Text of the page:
Kid at the park—or future field biologist?

By Trust for Public Land
Published November 17, 2015

Kid at the park—or future field biologist?

Though they live in a state famous for outdoor recreation, most of the children in Denver’s Montbello community lack access to parks and green space. To change that, The Trust for Public Land recently helped secure more than five acres of land in the neighborhood for the future Montbello Open Space.

In addition to creating a new place to play outside, the park will serve as home base for local nonprofit Environmental Learning for Kids (ELK), which hosts educational programs for youth who face barriers to experiencing the outdoors. We sat down with ELK’s Jolynn Crownover to find out what the new space means for the work they do.

Q: What’s ELK all about?

A: ELK was established by wildlife biologists of color who noticed a lack of diversity both in college science courses and in natural resources professions. We use outdoor recreation to develop leadership skills—and as a pathway to college and careers in STEM (science, technology, engineering, and mathematics).

ELK recruits students through programs that focus on science education through activities such as fishing, camping, and hiking. We provide transportation, gear, outdoor clothing—anything that might otherwise be a barrier to participation.      

Q: How will Montbello Open Space change what ELK can do?

A: The Montbello neighborhood is really representative of our service area: it’s a high-need and low-income community with minimal access to parks and open space. Thanks to The Trust for Public Land and Denver Parks and Recreation, we’ll soon be working from the heart of the community.

One acre of the site will house ELK’s offices, as well as classrooms open to the community. The remaining 4.5 acres will be restored into a native short-grass prairie where people can connect with nature and enjoy the best thing about Colorado: the outdoors. 

Q: What other features will Montbello Open Space have when it opens?

A: There will be walking trails and pathways that lead to outdoor classrooms. There will be natural play features—logs and boulders and other elements you’d encounter in the outdoors. The roof of the ELK building is structured like butterfly wings, designed to capture stormwater that will flow to drainage areas for wetlands education programs. When it rains, there will be a stream for the kids to play in.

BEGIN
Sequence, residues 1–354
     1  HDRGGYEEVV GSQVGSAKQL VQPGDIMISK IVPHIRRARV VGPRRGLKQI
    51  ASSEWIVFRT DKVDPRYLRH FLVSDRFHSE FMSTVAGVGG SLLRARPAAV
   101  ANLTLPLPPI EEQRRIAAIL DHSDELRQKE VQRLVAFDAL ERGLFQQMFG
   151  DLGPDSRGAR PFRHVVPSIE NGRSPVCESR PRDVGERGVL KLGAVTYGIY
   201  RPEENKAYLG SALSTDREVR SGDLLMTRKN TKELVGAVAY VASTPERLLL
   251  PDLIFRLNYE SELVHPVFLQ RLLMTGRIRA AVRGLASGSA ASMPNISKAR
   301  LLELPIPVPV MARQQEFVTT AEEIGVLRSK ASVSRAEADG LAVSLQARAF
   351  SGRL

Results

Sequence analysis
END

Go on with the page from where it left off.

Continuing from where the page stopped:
Q: Did the kids play a role in the design of the park?

A: Absolutely! The Trust for Public Land helped us lead community meetings to engage youth, families, and the whole community in the design of the park. The kids played a huge role in choosing the materials being used and the play features they wanted to see. Parents have been especially involved in the safety aspects of the park, and ensuring that there’s shade and comfortable places for parents to watch their kids play. 

Q: Why is a place like this so important for the youth you serve?

A: It’s important for our students to experience nature because it opens the door to other opportunities they didn’t know were possible. We have students who are now wildlife biologists or work for the National Park Service—even one that works for the FBI. Our programs broaden their view of what they can accomplish.

We need to ensure that all of our youth have access to nature and understand the importance of conservation and the environment: they are the next generation of voters and leaders and stewards of our community. It’s difficult to appreciate nature if you aren’t connected to it.

The Trust for Public Land is the recipient of ELK’s “Celebrated Partner” award for our design, fundraising, and community contributions to Montbello Open Space. We’re proud to support our friends in cultivating a diverse community of learners in Denver—thank you, ELK!

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